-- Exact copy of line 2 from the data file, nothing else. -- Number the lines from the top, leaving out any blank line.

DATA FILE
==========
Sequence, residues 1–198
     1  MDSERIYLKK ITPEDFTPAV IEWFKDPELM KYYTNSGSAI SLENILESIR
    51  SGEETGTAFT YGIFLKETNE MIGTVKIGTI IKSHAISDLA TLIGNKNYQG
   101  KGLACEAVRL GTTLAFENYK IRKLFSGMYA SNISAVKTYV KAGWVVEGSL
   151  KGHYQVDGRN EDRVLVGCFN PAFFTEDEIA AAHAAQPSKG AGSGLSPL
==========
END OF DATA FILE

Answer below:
     1  MDSERIYLKK ITPEDFTPAV IEWFKDPELM KYYTNSGSAI SLENILESIR